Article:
When I told friends that I took my kids to the local art museum, I was met with shock, awe and exclamations of "I could never do that… and I only have one!" I suppose that being practically home-bound with twins plus one for nearly three years has made me feel like I've hit the jackpot of freedom now that the twins are 5 and their sister is 3. But I've learned a few secrets along the way to keeping my kids happy while getting us out of the house.

Have a plan

Kids can smell fear. They also pick up on lack of preparation. Your first order of business is to learn as much as you can about where you are going, especially if it’s a new place or somewhere you've only visited sans kids. Where will you park? Is there an admission fee? What are the business hours? Can you take food inside? That last one is probably the most important question for any place I visit.

Once the basics are covered, try to loosely plan your day. What will you tackle first? What do you most want to do or see? On my recent trip to the art museum, I knew I wanted to visit a kid-friendly art lab and also see a particular exhibit for myself. Everything else was just gravy.

Stick to a schedule

Little ones thrive on routine. Be mindful if your outing is likely to interfere with naps or meal times, especially if you’re juggling schedules of kids of various ages. There’s a time and a place for leeway, but if your toddler goes from zero to Hulk when she misses her nap, it won’t make for a fun time for anyone.

Bring all the food

All of it. Over pack those snacks, because you’re likely to go through them and wish you had more. Nine times out of 10 if my kids are cranky, they’re hungry and thirsty. I usually provide healthy snacks for the car ride to our destination, have the kids take a snack or lunch break during the outing, and then save a little fruit leather or something sweet for the ride home.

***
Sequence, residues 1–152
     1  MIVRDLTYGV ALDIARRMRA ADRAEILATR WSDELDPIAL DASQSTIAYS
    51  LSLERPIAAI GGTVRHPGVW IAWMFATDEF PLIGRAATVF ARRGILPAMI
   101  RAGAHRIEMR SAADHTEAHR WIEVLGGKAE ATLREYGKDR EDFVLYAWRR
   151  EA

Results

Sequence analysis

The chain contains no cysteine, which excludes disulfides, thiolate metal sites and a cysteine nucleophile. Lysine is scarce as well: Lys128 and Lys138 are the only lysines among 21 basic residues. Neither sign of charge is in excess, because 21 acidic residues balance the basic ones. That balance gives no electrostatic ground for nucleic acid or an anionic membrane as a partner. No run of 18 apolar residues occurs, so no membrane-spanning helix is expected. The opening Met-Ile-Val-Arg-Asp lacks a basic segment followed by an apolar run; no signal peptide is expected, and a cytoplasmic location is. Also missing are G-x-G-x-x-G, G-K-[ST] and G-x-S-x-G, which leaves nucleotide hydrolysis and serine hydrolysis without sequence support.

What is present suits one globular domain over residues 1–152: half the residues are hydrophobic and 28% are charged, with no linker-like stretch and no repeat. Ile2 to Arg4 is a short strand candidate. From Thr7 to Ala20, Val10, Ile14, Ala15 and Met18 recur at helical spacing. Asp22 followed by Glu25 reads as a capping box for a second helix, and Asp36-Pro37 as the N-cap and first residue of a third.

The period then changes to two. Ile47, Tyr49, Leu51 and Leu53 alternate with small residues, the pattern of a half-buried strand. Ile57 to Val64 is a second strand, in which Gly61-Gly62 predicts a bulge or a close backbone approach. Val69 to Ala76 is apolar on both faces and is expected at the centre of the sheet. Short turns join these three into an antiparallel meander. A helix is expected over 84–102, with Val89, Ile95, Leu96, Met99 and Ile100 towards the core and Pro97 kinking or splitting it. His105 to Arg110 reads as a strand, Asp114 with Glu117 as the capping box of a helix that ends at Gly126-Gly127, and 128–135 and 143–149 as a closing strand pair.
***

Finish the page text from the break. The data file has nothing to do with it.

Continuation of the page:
Let kids lead the way

When our family visited a local theme park, we tried to reserve the water park for later in the day, which only led to lots of complaining, since it was what the kids wanted to do most. Once we relented and spent some time swimming, they were more than happy to explore the rest of the park.

While it’s important to have a general plan of what you would like to accomplish, kids like to feel that they have a little autonomy. Dragging them from one place to the next will only make for impatient companions. Bottom line: As long as the outing allows, do what you can to keep the youngsters happy.

Engage them

Look for things that your kids will find interesting. Ask a docent, tour guide or volunteer what areas would be most appealing to young kids before they lose interest. On a visit to a local presidential library and museum, we came across a case of dolls fashioned after various first ladies. My girls weren't familiar with the first ladies, but they did ooh and aah over the dolls’ intricate features and replica clothing.

Learn to let go

In an outing with kids, you have to face the reality that you may not get to everything you want to see or do. In the case of our art museum visit, I made sure to carve out time for the one exhibit I wanted to see, knowing it was only on display temporarily. But as expected, my three girls were not as interested. We hurried through pretty quickly, but I was able to point out various pieces and speak to them on their terms about the art around us.

Keep your cool

The main thing that will keep your outing running smoothly is a positive attitude and a good dose of flexibility. If things aren't going the way you hoped, bend a little to accommodate a change in plans or a slight detour. If all else fails and you find yourself on a one-way train to crazy town? By all means, throw in the towel and get the heck out of there!

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